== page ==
Stichter says there are solutions to link rot, like the one the Law Library of Congress is using called Perma.cc -- a free service that allows authors to archive legal documents and create permanent links to those documents.
“Let’s say I am citing a law in a foreign document. I could include the original link and the Perma.cc link. That Perma.cc link will work forever, no matter what happens to the original.” When asked why more agencies aren’t using Perm.cc, Stichter responded that it was more a matter of not knowing than not wanting to use services like that as a solution.
Body and dash cam data also a hot button issue
Link degradation is also an issue on the other end of the legal spectrum when an arrest or legal situation might begin. Some police departments, such as the Seattle PD, embrace public access to police bodycam and dashcam footage via sites like YouTube, to “help increase transparency and accountability while balancing the privacy rights of citizens,” according to a city statement.
The downside, according to Snowden Becker, program manager for Moving Image Archive Studies at the University of California at Los Angeles, is that when a third party has control of the link, it could be taken down or changed by the company at any time -- a situation much like what happened to Justice Alito.
“If a police department provides public access to dashcam or bodycam video recordings via a YouTube channel (as the Seattle Police Department has done since early 2015) or other third-party site, and then at some later point that third party closes down the channel, or removes individual videos, any links to those videos that might have been in blogs, news stories, or legal briefs would no longer work. That's link rot.”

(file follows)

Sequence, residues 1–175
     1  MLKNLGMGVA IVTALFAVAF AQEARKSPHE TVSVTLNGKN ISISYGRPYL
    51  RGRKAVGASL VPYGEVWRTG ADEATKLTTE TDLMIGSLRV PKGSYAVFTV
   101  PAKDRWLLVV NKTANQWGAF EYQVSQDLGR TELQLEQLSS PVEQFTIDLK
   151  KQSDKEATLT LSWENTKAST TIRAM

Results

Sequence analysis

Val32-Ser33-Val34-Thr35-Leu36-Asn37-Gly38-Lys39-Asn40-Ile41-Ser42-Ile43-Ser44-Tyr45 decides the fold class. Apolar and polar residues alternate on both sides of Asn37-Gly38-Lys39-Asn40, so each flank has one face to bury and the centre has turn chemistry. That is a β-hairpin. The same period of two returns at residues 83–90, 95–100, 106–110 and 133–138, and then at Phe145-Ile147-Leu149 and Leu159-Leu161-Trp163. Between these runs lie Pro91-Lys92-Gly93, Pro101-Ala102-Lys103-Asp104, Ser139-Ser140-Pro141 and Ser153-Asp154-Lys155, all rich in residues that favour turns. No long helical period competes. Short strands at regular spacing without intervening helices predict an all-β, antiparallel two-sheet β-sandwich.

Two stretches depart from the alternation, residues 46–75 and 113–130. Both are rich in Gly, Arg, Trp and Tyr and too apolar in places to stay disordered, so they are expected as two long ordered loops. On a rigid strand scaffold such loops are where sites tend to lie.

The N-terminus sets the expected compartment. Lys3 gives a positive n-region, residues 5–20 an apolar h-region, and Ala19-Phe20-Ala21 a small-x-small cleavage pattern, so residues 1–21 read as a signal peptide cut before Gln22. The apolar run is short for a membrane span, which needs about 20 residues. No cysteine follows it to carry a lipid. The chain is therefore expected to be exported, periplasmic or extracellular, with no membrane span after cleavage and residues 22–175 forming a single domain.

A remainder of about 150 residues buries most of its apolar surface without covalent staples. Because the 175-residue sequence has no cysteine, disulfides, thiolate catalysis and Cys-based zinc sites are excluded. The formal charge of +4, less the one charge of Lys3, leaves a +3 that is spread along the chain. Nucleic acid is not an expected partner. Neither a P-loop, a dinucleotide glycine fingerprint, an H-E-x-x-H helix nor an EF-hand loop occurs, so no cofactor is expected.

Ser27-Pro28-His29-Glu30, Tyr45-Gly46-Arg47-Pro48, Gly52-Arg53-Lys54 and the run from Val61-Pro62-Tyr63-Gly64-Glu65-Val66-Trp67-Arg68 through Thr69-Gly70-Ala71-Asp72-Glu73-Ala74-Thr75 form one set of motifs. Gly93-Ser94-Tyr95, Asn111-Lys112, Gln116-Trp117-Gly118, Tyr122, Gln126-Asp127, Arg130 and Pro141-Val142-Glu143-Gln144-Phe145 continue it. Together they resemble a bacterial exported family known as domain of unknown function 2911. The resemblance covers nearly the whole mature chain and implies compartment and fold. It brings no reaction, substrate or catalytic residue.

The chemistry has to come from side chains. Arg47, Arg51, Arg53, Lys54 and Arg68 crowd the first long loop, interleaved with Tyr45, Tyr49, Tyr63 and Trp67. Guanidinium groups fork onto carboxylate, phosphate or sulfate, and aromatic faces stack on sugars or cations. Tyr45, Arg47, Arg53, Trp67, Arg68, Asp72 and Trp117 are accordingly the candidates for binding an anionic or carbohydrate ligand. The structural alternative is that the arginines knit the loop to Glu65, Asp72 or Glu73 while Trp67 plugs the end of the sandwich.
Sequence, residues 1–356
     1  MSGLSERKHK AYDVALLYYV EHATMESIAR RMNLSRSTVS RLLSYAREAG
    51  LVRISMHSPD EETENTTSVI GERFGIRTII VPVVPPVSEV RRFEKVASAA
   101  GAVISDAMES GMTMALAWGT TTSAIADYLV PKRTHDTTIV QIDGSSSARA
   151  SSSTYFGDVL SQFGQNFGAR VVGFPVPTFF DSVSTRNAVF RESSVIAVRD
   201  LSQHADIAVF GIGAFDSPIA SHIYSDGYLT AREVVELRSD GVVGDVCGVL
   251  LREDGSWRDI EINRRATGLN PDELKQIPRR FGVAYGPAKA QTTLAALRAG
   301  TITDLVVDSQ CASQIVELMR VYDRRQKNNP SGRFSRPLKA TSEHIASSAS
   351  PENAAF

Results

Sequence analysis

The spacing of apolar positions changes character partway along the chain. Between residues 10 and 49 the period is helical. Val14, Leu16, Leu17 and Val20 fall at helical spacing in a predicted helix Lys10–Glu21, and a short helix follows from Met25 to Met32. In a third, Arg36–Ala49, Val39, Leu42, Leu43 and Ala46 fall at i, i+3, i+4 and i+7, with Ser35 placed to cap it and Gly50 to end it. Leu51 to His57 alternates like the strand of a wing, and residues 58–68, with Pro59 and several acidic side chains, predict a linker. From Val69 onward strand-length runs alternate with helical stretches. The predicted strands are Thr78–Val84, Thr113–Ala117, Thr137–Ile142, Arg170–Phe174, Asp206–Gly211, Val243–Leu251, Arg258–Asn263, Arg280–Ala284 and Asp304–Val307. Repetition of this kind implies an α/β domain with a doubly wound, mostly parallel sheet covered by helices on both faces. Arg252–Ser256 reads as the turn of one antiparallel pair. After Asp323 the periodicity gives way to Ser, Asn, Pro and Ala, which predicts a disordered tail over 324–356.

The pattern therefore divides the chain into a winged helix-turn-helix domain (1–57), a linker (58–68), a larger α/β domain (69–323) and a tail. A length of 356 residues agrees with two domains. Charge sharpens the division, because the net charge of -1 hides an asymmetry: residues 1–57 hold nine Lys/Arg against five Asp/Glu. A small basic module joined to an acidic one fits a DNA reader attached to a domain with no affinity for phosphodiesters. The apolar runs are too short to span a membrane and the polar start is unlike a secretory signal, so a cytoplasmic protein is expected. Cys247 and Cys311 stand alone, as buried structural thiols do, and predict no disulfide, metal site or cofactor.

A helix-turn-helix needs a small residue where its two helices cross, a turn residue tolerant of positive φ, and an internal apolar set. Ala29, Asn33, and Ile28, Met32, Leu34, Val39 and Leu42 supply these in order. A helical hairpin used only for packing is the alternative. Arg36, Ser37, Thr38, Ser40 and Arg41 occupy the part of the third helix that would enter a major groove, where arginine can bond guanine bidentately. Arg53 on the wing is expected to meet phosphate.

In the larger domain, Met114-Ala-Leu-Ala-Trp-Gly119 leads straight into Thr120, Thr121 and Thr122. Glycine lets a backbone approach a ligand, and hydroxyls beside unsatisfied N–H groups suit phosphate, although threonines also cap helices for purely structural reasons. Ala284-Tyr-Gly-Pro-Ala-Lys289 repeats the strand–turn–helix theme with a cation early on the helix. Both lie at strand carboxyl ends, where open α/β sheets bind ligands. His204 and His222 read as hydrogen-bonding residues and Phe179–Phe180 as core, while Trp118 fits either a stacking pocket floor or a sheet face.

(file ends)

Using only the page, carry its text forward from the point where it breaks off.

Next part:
The other issue police departments are facing with body and dashcam data, Becker said, is how long to keep data in the system. While handling video data is not new to departments, the quantity is exponentially greater than in recent years. Most police departments don’t have the bandwidth to deal with the amount of data coming in, so they get rid of the uneventful encounters.
Videos of police encounters when nothing happens will be purged after 30 to 90 days. “But that is determined by each agency and their technical capacity, and standards vary by state and agency for non-evidentiary material,” she said.
Becker, who is organizing a forum in August called On the Record All the Time on the issue, said one of the problems is that years after an encounter, someone might want to use video. “Just ask Rodney King or George Holiday, who shot the video. Nobody at that time anticipated that that recording would become so much a part of our visual history or be used as it has.” She is hoping the forum helps create a long-term vision of how those in the legal and police systems store and use video data.
And while finding a way to achieve permanence seems like the obvious answer, it isn’t necessarily the best one, Becker said. “Police often say they often encounter people on the worst day of their lives,” she said. Should a record of that live forever?
There is a legal right to privacy, she said, and an argument to be made for the right to be forgotten. “The longer you keep a recording, the greater the threat to privacy.”
Suzette Lohmeyer is a freelance writer based in Arlington, Va.